Decadrachm. Obverse: Bust of Berenice II.
Gold; Diam. 3.2 cm; 42.755 g
Minted in Alexandria; 246–221 BCE
American Numismatic Society: 1967.152.562
© Courtesy of the American Numismatic Society

The royal consort of Ptolemy III, Berenice II, was related to the king through their grandmother Berenice I, who married Maga, king of Cyrene, before arriving in Egypt. The marriage was primarily arranged to reabsorb Cyrenaica within Egypt. As the couple could not continue the propaganda based on siblinghood started by Ptolemy II and Arsinoe II, coins with the jugate portraits of the new rulers were discontinued. Coin types with the image of the queen, such as this decadrachm, were constructed to emphasize any possible or alleged similarities with both the grandmother Berenice I and the step-aunt Arsinoe II. Thus, Berenice II’s portrait is characterized by large eyes, a pointed nose, and a fleshy neck and chin, as were portraits of the two previous queens. The hairstyle and veil also imitate earlier representations, creating a symbolic image in which the deficiency in the queen’s bloodline is compensated by well-known physiognomy and attributes.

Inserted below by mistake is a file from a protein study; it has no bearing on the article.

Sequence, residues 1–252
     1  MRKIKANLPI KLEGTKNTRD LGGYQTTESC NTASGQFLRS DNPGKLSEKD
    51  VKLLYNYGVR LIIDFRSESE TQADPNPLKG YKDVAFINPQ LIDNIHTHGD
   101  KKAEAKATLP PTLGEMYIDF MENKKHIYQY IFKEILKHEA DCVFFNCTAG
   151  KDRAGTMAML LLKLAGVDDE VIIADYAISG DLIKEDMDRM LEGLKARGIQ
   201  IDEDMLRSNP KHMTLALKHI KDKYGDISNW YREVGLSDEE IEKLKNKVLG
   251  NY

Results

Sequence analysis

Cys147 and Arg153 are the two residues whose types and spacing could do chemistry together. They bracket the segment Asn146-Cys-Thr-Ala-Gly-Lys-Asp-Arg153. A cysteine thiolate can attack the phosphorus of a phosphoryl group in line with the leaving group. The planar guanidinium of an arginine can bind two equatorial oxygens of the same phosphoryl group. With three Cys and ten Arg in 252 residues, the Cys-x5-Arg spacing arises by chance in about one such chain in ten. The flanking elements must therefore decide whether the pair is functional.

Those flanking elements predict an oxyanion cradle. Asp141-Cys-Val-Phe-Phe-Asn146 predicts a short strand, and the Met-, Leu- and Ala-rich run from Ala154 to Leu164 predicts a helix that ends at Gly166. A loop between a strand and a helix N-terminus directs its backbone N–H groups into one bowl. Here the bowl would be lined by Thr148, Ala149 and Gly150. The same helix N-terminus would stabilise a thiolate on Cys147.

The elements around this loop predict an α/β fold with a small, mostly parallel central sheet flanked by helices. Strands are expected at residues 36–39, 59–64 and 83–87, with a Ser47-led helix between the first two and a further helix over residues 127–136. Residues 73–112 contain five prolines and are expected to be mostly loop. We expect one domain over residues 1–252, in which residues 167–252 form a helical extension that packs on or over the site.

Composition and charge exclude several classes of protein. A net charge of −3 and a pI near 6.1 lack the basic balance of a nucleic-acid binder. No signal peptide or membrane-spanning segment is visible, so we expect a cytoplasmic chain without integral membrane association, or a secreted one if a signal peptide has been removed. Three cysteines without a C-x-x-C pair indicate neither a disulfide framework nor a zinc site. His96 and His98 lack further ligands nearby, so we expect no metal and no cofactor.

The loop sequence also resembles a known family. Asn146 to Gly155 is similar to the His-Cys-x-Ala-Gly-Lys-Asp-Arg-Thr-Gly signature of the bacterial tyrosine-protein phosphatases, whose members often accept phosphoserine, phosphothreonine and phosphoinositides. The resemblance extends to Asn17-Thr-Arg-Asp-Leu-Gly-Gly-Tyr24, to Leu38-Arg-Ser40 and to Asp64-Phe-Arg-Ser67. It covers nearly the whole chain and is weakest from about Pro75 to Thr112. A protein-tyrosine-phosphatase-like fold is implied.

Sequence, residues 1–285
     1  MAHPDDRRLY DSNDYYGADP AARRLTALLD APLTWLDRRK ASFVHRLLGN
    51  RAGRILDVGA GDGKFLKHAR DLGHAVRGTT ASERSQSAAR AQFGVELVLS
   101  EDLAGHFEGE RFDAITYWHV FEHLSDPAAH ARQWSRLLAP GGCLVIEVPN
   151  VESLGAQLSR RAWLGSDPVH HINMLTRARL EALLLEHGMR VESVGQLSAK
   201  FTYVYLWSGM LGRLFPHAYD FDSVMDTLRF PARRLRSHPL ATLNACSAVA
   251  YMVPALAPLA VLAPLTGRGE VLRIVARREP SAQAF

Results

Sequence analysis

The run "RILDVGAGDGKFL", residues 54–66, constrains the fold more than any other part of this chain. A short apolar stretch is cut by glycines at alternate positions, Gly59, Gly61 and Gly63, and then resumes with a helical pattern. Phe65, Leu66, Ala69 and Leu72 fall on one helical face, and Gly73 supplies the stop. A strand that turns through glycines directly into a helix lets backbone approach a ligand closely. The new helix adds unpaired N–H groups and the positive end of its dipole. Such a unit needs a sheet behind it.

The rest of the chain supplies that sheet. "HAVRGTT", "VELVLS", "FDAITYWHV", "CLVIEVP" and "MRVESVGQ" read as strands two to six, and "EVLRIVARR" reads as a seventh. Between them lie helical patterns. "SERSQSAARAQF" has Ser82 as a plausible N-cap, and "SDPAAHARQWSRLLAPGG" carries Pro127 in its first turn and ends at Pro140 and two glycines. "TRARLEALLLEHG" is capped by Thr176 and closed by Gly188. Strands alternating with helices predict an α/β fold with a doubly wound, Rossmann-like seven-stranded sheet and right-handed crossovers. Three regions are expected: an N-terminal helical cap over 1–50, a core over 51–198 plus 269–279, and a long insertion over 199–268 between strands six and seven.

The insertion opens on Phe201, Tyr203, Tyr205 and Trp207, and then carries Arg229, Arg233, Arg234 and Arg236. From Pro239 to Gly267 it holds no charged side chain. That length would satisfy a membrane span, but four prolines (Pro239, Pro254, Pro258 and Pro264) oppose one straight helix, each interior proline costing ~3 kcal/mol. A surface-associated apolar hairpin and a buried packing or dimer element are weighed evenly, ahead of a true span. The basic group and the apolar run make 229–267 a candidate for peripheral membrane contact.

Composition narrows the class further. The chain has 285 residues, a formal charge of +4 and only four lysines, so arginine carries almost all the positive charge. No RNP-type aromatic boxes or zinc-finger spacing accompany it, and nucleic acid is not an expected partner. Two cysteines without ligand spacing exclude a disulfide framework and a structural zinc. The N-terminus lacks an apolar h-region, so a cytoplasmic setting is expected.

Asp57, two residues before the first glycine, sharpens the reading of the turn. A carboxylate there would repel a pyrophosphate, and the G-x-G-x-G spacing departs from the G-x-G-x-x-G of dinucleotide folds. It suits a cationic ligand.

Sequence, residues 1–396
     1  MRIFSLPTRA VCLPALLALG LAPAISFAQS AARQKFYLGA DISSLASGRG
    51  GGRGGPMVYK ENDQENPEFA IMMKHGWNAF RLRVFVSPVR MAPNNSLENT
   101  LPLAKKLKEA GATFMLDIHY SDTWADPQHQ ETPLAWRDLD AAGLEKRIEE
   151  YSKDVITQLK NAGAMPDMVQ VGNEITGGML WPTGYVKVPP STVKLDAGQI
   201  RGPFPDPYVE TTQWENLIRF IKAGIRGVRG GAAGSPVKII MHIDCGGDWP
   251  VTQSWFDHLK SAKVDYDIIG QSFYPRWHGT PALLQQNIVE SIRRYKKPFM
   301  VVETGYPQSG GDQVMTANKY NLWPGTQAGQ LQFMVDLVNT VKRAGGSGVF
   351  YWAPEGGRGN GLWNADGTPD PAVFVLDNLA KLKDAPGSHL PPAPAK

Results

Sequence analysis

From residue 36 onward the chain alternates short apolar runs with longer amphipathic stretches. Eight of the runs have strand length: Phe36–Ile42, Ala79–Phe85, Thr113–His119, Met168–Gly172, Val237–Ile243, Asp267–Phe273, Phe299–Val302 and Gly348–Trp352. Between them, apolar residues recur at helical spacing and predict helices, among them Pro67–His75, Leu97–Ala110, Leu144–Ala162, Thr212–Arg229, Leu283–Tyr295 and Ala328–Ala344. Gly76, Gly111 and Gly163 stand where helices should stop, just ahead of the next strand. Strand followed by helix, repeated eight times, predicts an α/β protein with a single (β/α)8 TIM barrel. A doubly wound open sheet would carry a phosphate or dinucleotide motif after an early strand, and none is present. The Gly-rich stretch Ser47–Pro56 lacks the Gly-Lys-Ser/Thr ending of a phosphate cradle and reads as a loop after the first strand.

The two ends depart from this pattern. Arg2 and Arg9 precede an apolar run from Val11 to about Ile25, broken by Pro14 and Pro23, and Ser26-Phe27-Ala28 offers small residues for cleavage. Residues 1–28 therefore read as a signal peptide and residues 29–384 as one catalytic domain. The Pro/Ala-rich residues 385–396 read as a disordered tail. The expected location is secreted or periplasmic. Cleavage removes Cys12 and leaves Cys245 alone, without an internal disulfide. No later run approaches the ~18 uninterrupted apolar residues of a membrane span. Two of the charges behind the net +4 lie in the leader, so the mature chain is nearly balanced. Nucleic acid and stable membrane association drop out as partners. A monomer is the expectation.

I. N. Svorōnos. Ta nomismata tou kratous tōn Ptolemaiōn. 4 vols. Athens: Sakellarios, 1904–8, cat. 972, pl. XXIX, no. 1.

R. Casagrande-Kim. The Way They Looked: Dynastic Portraiture on Ptolemaic Coins. in: R. Casagrande-Kim ed: When The Greeks Ruled Egypt: From Alexander the Great to Cleopatra. ISAW, 2014. 65-67.